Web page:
DIY Ultra Wide Binoculars

Astronomy magazine recently had an ad for a pair of ultra wide field binoculars from Kasai Trading.  These quirky binoculars have a magnification of just 2.3X with 42mm objectives but give a whopping 28º field of view, about four times larger than that of standard binoculars. The Vixen 2.1×42 constellation binoculars are similar and a review and comparison of these models is available.

Image of home build Ultra-Weide Nikon 2x54 binoculars
Home-Built Ultra-Wide Nikon 2×54 binoculars

I found these appealing because the ultra-wide field provides views more like the naked eye while boosting the brightness to compensate for light pollution and aging eyes -only the cost was somewhat prohibitive.

Image Nikon TC-E2 teleconverter
Nikon TC-E2 Teleconverter lens now available as surplus.

Some research revealed a simple do-it-yourself alternative: Nikon 2×54 binos built as described in several posts on The key components are a pair of old Nikon TC-E2 teleconverters. These are high-quality lens, originally selling for over $150, now available as surplus on eBay for as low as $30. All that is really needed, in addition to the lens, is a holder to keep the lens together. Fortunately plans for such a holder suitable for 3D printing have graciously been made available online.

image of a Holder a Nikon Teleconverter suitable for 3D printing.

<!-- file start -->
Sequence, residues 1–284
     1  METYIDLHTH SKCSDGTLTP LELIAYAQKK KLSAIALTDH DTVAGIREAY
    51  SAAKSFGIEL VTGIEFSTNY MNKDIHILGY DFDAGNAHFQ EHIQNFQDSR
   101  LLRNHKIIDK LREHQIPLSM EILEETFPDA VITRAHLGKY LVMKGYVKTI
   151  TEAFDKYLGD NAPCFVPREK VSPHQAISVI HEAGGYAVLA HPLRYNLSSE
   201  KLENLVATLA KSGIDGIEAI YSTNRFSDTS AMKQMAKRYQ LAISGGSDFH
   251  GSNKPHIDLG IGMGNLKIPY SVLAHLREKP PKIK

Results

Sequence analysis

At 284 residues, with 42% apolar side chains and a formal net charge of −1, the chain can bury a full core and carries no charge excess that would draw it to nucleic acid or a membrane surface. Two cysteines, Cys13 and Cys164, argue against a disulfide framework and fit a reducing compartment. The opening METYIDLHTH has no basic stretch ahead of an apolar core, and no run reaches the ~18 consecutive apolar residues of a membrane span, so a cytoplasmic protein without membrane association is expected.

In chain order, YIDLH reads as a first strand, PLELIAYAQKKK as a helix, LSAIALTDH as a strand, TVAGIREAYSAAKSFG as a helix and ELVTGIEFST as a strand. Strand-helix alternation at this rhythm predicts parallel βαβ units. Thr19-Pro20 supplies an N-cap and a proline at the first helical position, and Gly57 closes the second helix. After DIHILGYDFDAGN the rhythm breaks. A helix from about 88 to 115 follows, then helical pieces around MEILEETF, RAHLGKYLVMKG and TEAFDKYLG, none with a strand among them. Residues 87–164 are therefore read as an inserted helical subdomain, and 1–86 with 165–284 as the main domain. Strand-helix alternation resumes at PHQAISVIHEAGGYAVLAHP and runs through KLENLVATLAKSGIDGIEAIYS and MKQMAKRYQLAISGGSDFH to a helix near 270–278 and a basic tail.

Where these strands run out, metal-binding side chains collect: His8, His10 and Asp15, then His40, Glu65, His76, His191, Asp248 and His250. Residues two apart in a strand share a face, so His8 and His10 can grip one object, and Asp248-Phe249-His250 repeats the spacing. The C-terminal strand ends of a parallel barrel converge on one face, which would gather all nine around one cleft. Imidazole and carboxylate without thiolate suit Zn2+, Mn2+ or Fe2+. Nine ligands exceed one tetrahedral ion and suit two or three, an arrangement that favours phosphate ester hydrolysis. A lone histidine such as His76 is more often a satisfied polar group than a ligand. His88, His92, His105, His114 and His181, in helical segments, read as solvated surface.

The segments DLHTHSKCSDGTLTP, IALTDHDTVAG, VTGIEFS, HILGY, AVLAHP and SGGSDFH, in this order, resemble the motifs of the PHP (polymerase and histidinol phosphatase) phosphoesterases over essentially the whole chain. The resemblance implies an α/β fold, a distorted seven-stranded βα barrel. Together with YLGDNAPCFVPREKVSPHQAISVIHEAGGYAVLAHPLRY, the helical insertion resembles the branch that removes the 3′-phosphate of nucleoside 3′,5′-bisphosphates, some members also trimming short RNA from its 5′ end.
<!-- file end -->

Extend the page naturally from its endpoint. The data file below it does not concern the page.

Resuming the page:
Holder for a Nikon Teleconverter suitable for 3D printing.

I had a set printed locally at Discount Printing in Burnaby through the 3D Hubs website – uploaded the plans, arranged payment, and the holders arrived via Canada Post a few days later. It was then a simple matter to connect the holders using a M5 bolt and nut from Rona, secure the lens into the holders with some double-sided tape, and attach an old name-tag lanyard as a strap.

I am quite pleased with the results and views provided by these binoculars – from my light polluted Coquitlam yard, I can

  • resolve individual stars in the Pleiades star cluster instead of of seeing just a faint hazy patch
  • see all the stars in the little dipper rather than just Polaris, and
  • find bright stars much earlier in the evening twilight.

Rather that replacing  standard binoculars or a telescope, I think of these binoculars as more like glasses that augment naked eye observing.